[suggestions] a wiki or similar for short documents


#1

There are about a dozen short documents that would really be useful that would not have to be written by Jules.

There’s that previous document I described, on threading and locking.

Even a few paragraphs on the new leak detector would be very enlightening to developers (it’s really useful and easy to use if you dig into it).

A page on how juce::String handles encodings and internationalization would have saved me reinventing the wheel a few months ago.

I’ve seen a lot of stuff on writing audio plug-ins on the forum that would be much clearer in one or a few documents.

There are several more. A wiki-style collaborative space where members could mark up a few documents on these matters might clarify things greatly for the new developer.


#2

A wiki would indeed be a good thing - and this website could really use a bit of a facelift in lots of other ways too…

Since I don’t have time to do this myself (and web-skills aren’t my “core competency” anyway), I’m starting to realise that I might just have to hire someone to help out in sprucing it up… Unfortunately the only good web-designers that I know charge even more astronomical daily rates than I do, and are all busy anyway… Anyone know a decent, out-of-work web-designer who might be interested in a little project like this? (for cheap!)


#3

Hiring someone else seems… drastic. And the overhead in communicating! And your website is fine, why monkey with it?

Re: wikis/documentation - is there some pre-packaged solution you could use for free?

For example, I don’t know SourceForge, but code.google.com has a pretty decent Wiki system with variable perms, perhaps SF does too? You could use either of those, and if it were code.google.com, not even have your main codebase be there, just a pointer to the source forge repo - and you wouldn’t have to support anything.

This also distinguishes from this “official” site and the secondary contributors’ site.


#4

If there was a Wiki, I would definitely contribute to it on a regular basis. And I agree about either hiring or outsourcing…I don’t want Jules to waste his precious time on anything except improving Juce!!!

Maybe Jules can ask his webhost to install a basic Wiki application and the rest of us can try fleshing it out?


#5

Maybe Jules can ask his webhost to install a basic Wiki application and the rest of us can try fleshing it out?

Even that is work for Jules and more overload on his server which is sometimes overloaded already.

I’m strongly in favour of Jules using someone else’s work and servers.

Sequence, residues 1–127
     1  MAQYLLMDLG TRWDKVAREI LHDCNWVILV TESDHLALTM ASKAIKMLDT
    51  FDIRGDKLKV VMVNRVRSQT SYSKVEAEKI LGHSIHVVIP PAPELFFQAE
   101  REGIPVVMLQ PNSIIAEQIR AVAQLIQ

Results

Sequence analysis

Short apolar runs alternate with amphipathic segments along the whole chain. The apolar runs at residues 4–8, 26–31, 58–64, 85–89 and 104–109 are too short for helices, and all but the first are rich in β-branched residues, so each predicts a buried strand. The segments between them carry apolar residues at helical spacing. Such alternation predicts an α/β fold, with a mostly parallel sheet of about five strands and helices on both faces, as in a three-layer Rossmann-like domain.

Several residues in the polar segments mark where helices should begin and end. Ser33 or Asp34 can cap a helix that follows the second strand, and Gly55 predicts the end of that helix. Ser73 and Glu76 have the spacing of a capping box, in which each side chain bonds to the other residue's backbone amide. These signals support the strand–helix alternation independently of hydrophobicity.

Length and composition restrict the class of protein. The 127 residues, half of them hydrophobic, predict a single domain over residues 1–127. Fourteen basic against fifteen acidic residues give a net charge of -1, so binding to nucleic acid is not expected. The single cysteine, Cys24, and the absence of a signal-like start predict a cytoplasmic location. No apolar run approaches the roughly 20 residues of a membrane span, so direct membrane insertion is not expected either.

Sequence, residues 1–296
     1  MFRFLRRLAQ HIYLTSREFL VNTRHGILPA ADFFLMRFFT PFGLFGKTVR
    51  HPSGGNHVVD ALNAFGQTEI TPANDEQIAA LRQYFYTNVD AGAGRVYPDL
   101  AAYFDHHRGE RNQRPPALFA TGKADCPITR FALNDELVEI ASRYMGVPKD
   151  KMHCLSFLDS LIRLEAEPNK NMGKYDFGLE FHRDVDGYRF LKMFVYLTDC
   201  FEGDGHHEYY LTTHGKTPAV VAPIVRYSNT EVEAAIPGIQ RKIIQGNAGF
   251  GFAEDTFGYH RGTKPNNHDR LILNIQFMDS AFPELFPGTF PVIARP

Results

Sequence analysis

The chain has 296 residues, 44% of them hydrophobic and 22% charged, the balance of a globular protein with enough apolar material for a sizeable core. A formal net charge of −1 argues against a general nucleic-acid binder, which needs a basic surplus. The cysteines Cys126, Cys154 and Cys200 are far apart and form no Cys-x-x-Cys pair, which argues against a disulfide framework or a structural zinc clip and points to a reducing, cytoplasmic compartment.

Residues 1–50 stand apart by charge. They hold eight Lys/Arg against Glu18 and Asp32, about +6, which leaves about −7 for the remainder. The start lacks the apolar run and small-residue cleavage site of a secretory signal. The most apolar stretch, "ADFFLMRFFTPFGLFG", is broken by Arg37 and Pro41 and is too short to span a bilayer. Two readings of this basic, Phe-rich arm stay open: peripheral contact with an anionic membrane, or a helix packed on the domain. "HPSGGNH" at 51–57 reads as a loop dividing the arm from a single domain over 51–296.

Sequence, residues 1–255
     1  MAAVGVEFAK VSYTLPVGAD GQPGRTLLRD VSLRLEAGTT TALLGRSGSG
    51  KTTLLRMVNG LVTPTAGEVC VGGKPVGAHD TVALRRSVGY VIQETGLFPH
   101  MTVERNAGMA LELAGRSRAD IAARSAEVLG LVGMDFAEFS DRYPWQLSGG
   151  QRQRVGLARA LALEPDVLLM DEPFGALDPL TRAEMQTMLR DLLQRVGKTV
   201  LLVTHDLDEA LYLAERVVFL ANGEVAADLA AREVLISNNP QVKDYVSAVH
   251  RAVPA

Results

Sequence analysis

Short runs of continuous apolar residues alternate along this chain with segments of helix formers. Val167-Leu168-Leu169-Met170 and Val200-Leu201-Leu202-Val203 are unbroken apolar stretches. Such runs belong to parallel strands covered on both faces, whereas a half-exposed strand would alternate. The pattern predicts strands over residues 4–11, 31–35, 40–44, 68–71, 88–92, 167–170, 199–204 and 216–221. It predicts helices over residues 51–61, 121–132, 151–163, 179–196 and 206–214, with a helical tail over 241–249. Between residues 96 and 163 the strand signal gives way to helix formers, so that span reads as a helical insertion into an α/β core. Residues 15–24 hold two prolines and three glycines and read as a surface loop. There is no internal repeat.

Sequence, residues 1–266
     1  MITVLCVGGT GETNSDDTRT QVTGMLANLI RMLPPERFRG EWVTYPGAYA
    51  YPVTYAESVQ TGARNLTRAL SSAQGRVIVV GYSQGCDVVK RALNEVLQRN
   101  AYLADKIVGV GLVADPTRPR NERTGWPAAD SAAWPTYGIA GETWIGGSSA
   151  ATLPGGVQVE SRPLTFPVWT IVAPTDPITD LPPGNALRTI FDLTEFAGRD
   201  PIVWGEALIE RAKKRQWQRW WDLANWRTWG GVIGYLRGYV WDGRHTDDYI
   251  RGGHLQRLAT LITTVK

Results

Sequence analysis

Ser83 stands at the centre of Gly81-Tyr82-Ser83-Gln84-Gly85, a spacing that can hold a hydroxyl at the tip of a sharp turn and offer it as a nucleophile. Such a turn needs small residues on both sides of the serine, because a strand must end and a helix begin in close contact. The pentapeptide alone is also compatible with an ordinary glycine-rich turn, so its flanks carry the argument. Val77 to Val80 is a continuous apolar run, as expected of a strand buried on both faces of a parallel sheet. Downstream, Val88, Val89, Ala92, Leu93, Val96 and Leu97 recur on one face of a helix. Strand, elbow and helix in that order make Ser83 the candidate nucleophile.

I mean, heck, you and I, Vinn, could just set up a “Juce fan club” open source project on any of these services and go to it!


#6

I’m completely open to that. I have unused bandwidth and server resources available, and I can just ask my provider to set up the wiki. Which software do you recommend? I don’t know anything about these things. I can just ask the hosting company to install the software you recommend and give it a dedicated IP.

If it takes off, Jules can point a subdomain to it.

So what software package should I use?


#7

But why not put it on code.google.com, github or one of those?


#8

Because I didn’t know they exist? There’s free wiki hosting?


#9

Yeh, have a look at the UGen project for an example http://code.google.com/p/ugen/w/list. Embedding the Doxygen generated API in a Wiki is pretty cool.


#10

So, come on Jules, I suggest you bless this idea, which requires no work on your part, and you can’t stop us from doing anyway! :stuck_out_tongue:

We’ll set up some secondary open source project called “Juce fan club” or something, and write documentation and put in utilities, and you can contribute when you feel like it.

I think this is overall a better idea for everyone as opposed to Jules paying money and spending time on a website redesign.

This site and this forum is great for exactly what it is, a place to ask questions and to search for answers, and might as well be left exactly as is, and Jules (IMHO) should stick with his core competence (and no doubt most entertaining activity) of writing programs.


#11

There’s already a Juce wiki…


#12

You do indeed have my blessing!


#13

Thanks for the blessing, Jules!

The site that was hosting the JUCE Wiki seems to be gone, unfortunately, or did I make a searching mistake?

If we did this, it’d be personally better for me if we used Github as that’s what I use for my own and professional source control… but, it doesn’t seem to have nearly as nice a Wiki as Google code.

I’m sort of hot to do this now as I have a lot of information regarding Juce fresh in my head, and I’m going travelling for two months starting Feb 1. (I’m actually going to be working while travelling but still…)


#14

I’ve never really explored Google code or Github very much - maybe one of those would actually be a better choice for hosting than SourceForge, (which was the only game in town when I started the project).

Splendid! (and if your travels take you past london, do pop in and say hello!)


#15

I strongly suggest migrating to github, it has lots of useful features for developers and end users, that allow collaborative discussions about the code